The recently relaunched Tjapukai Indigenous tourism experience in Cairns has added a new guided bush foods trail to its wide range of interactive attractions.
The bush food trail tours are led by guides from the region’s traditional Djabugay people, who share the stories of their rainforest environment.
Visitors will view plants such as the badil or cycad, which has nuts that grow to the size of a golf ball in a bunch of 12 to 15. When they ripen they are orange and look good to eat, but are poisonous unless they are processed the right way. The roasted nuts are grated, then rinsed in running water till the poison runs out, and then they are ground down to fine powder so they can make dough for bread. They do the same with the black bean and yellow walnut.
As one of Tjapukai’s most experienced guides, Martha Brimm, tells visitors “this was an early Aboriginal version of self-raising flour”.
Another popular bush-food is the Burdekin plum which can be eaten straight away once it has ripened or buried underground for a few days to ripen it for eating.”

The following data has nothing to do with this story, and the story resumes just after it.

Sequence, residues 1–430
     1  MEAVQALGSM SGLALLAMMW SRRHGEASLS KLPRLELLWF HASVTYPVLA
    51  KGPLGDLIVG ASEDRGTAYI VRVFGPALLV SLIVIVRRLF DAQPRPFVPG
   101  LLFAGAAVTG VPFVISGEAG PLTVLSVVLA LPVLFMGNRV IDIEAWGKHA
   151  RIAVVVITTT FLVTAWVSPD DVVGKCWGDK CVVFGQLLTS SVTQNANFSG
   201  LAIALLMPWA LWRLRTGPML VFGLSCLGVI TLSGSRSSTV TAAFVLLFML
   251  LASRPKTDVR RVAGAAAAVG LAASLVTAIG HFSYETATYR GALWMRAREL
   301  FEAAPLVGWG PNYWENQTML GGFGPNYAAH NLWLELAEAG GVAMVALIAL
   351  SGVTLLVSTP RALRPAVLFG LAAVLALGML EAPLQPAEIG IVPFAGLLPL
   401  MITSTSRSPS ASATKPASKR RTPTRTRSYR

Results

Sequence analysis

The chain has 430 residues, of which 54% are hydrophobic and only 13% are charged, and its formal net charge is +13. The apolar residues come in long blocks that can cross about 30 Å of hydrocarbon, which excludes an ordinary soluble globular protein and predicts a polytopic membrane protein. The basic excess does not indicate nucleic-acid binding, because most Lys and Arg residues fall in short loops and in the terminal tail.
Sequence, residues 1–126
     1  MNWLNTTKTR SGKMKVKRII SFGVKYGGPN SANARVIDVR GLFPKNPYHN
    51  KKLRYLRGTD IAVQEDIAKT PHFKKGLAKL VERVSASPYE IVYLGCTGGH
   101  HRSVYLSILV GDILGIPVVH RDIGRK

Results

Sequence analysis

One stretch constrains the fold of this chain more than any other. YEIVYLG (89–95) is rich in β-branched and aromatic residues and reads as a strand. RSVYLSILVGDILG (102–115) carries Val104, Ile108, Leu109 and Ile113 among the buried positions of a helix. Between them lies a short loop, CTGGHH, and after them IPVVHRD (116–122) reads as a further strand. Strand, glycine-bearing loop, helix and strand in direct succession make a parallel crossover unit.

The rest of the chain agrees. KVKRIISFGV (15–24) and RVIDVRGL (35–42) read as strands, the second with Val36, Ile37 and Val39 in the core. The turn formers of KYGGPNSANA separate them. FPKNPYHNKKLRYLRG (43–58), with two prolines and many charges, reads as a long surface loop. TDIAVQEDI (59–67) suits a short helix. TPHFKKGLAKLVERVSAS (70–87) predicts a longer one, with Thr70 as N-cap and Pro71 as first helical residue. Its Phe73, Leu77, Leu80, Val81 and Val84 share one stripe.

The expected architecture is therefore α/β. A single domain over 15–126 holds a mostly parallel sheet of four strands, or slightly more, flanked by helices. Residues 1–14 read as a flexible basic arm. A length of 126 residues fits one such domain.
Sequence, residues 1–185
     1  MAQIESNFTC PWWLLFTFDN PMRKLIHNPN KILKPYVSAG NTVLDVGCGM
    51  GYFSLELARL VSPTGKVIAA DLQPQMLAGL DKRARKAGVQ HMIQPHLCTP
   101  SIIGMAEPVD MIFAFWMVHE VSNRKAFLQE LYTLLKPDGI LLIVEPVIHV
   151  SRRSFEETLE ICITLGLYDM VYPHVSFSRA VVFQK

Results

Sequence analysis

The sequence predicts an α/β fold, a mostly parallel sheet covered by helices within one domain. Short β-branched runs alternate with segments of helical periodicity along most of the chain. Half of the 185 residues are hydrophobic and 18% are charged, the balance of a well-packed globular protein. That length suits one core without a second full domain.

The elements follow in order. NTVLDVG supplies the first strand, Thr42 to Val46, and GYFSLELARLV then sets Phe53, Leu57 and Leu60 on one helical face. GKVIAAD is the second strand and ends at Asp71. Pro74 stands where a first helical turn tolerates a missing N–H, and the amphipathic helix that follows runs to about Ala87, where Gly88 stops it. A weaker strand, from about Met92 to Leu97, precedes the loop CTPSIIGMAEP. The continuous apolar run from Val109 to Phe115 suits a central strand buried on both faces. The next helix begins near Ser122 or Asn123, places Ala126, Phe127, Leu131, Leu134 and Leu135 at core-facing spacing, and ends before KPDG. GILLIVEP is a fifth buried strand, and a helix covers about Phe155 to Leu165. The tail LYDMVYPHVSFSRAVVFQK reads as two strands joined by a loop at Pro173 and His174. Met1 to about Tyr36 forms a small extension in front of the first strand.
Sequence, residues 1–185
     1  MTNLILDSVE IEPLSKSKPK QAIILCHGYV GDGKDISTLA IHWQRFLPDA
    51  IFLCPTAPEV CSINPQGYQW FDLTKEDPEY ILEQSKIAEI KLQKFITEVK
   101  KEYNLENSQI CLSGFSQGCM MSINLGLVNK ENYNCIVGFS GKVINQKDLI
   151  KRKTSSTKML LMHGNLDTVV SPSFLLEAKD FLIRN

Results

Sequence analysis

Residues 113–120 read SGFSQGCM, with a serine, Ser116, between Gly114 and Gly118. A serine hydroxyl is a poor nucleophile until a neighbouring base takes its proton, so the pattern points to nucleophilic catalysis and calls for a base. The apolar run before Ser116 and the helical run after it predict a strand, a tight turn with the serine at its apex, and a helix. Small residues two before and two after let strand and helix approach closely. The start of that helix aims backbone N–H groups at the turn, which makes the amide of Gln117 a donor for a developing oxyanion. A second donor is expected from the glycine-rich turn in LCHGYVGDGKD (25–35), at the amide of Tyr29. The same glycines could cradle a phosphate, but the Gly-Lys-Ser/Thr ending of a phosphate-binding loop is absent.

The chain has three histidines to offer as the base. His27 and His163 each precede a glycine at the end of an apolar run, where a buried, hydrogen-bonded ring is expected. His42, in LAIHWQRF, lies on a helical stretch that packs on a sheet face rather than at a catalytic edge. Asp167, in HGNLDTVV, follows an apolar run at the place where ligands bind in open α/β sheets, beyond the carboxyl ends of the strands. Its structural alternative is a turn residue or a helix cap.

Visitors also learn about the usefulness of native plants for medicines and making implements, ropes and weapons.
The bush food trail journey ends with damper and native fruit jams, and a range of specially sourced bush tucker products are available for purchase in the Tjapukai boutique. Bush foods also feature in many of the menu items available at the new Flame Tree Restaurant.
The one-hour bush food guided walks can be added to general admission tickets for as little as $15 for children and $25 for adults.